Will an Oxford Seminars course on teaching English abroad translate into a job? [more inside]
Can anyone recommend websites that would be useful for Chinese people wanting to learn English? [more inside]
Help needed with Italian to English translation. I emailed an restaurant in Italy to ask for a reseravation in Italian (cut and paste from a phrasefinder) - they have emailed back to confirm booking (that bit I understand) but have run the next bit through babelfish and still don't understand what they mean... [more inside]
Parlez-Vous Français? I need a french to english translation. I love this short film and find it fun to watch but I think it would be even funnier for me if I knew what was going on. [more inside]
I was wondering if there are any non-Indo-European languages which would sound like gibberish, albeit English-like gibberish, to a native English speaker. [more inside]
My girlfriend is Korean, and has been living in the US since 2000. Her English is fairly good, but she still makes a few grammatical errors on a regular basis, especially when writing. Can anyone recommend a good, and probably more importantly interesting to read, book on English grammar she could use to get better? [more inside]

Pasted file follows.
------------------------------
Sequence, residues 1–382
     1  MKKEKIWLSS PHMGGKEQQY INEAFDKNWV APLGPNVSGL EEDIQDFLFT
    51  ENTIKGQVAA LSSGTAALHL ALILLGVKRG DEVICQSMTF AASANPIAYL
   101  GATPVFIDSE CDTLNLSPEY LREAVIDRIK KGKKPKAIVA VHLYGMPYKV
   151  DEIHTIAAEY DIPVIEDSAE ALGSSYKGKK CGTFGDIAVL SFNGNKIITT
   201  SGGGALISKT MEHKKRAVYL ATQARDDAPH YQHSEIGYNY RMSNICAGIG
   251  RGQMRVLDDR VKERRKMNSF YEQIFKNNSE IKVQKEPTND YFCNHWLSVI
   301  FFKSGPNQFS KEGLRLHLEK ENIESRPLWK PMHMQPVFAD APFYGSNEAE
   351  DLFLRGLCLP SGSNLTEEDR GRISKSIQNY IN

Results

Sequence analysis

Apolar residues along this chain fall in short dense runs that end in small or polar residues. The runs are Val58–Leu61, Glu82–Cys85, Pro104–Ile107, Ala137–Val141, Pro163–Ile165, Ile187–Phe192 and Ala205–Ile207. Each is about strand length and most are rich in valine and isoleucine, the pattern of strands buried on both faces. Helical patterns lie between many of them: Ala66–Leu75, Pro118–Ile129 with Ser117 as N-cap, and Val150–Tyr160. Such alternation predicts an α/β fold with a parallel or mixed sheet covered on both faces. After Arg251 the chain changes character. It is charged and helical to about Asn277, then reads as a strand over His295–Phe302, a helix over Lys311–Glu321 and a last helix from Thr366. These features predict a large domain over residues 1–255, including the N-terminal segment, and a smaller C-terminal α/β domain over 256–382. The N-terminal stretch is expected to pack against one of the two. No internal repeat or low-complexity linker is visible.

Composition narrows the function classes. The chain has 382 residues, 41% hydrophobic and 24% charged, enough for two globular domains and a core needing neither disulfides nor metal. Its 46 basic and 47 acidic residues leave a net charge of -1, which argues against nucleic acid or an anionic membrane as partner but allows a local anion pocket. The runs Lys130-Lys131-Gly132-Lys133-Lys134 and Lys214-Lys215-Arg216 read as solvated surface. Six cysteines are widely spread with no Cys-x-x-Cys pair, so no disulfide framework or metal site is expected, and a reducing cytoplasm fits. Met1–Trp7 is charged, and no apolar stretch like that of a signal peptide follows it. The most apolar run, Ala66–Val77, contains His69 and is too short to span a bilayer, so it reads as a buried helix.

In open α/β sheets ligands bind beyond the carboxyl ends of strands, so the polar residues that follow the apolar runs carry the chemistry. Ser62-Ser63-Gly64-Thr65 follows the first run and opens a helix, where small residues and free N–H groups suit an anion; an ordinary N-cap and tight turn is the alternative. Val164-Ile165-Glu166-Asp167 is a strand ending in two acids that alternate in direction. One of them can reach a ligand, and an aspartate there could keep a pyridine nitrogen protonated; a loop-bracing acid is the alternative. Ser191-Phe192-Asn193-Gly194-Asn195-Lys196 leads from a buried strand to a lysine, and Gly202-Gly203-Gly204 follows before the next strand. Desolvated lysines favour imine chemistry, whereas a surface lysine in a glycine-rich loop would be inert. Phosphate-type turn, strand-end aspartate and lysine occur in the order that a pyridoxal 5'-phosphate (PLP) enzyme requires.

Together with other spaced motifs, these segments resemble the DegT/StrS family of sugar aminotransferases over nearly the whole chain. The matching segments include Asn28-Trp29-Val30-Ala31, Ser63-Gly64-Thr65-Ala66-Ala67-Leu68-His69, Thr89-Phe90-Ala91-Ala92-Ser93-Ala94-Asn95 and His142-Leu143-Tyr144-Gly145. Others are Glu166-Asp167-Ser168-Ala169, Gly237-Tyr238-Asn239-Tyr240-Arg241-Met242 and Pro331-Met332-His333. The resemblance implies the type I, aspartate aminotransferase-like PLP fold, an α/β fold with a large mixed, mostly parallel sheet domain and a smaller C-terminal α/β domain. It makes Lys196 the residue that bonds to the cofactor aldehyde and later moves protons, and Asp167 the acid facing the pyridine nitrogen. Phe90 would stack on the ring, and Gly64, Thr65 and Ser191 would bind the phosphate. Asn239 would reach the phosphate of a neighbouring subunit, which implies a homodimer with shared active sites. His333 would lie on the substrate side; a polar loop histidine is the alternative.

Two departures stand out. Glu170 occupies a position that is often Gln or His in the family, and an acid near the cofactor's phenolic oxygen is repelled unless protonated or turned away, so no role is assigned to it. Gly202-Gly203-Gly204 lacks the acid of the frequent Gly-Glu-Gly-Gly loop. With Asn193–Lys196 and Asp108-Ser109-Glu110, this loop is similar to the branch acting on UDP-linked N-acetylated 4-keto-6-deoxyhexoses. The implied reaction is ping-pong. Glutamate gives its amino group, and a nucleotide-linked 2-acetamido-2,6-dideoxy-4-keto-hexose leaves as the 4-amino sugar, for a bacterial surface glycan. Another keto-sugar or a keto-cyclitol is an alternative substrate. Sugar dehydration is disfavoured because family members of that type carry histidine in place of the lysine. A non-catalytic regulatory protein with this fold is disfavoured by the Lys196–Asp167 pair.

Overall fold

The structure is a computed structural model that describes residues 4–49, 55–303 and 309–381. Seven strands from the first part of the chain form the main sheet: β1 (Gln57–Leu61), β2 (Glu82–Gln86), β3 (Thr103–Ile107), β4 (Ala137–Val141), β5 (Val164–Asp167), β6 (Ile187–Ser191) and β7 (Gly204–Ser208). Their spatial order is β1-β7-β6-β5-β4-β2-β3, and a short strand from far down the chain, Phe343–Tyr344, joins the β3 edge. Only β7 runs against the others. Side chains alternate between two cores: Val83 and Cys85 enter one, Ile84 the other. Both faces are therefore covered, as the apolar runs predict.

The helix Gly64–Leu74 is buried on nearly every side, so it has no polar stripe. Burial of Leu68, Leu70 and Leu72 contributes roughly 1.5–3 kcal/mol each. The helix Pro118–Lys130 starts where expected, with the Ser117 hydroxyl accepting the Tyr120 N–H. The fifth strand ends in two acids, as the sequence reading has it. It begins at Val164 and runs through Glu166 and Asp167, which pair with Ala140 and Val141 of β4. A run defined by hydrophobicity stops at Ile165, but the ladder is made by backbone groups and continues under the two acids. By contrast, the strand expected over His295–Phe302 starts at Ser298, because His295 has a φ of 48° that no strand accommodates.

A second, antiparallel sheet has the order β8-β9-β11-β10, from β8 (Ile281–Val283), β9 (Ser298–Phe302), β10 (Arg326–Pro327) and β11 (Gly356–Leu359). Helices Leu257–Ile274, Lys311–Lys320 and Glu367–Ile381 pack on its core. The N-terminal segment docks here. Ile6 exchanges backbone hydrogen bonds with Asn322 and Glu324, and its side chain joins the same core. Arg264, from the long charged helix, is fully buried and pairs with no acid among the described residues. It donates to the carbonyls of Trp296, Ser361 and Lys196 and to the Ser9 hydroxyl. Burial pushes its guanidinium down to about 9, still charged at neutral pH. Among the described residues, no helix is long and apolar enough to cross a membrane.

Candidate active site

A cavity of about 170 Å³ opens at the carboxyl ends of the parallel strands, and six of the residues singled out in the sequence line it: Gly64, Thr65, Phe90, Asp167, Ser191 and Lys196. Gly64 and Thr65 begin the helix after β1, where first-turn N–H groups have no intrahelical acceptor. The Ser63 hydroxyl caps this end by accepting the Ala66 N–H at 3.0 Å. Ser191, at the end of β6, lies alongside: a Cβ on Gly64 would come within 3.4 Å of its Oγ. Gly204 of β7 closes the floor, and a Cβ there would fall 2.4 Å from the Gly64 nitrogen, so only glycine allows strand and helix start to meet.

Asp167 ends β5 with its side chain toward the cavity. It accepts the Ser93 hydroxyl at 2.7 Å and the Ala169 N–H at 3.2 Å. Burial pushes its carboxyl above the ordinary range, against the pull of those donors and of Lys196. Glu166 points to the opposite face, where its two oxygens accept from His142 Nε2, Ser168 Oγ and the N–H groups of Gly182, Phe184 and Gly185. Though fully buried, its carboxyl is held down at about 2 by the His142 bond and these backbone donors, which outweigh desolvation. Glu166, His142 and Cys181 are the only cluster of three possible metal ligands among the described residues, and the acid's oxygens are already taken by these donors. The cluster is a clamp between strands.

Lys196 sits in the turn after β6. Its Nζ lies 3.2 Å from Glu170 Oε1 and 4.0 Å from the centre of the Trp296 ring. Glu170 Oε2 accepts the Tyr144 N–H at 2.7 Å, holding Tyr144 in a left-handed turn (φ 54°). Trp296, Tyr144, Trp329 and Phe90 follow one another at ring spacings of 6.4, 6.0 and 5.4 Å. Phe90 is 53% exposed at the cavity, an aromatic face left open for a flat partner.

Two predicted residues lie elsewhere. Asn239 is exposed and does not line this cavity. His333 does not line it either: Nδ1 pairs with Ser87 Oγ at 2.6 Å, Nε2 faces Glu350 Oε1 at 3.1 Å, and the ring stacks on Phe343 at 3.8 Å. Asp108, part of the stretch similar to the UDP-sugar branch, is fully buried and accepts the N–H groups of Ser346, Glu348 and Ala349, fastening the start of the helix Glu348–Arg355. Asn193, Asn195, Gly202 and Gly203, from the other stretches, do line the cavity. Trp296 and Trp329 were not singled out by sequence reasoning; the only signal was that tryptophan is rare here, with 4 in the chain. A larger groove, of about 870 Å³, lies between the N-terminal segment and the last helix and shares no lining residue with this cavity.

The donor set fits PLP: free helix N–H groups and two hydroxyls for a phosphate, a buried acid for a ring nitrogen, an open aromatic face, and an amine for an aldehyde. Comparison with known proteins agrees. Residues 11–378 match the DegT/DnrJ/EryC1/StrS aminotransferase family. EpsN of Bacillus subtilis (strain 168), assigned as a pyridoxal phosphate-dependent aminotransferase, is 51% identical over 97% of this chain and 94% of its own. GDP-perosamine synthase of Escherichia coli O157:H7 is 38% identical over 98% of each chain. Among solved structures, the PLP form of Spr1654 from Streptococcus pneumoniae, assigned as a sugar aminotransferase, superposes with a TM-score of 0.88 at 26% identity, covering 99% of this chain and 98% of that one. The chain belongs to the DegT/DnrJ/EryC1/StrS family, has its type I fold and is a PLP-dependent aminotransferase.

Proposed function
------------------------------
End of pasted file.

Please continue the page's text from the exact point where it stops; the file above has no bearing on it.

So there has been an invasion of portuguese man of war jellyfish locally..... [more inside]
Pimp my freshman composition class: what essays would you put on the syllabus? [more inside]
What word am I thinking of? There's a word that means something like, "an object that compels you to want to eat or lick it, even though the object is in fact not edible or meant to be licked". If it helps at all, I believe I've seen this word used to describe the new Macbook and its resemblance to an oversized piece of Chiclet gum. And btw, "pica" is not the word.
Are there any programming languages where the keywords/reserved words are in a language other than English? (ie; if, else, for)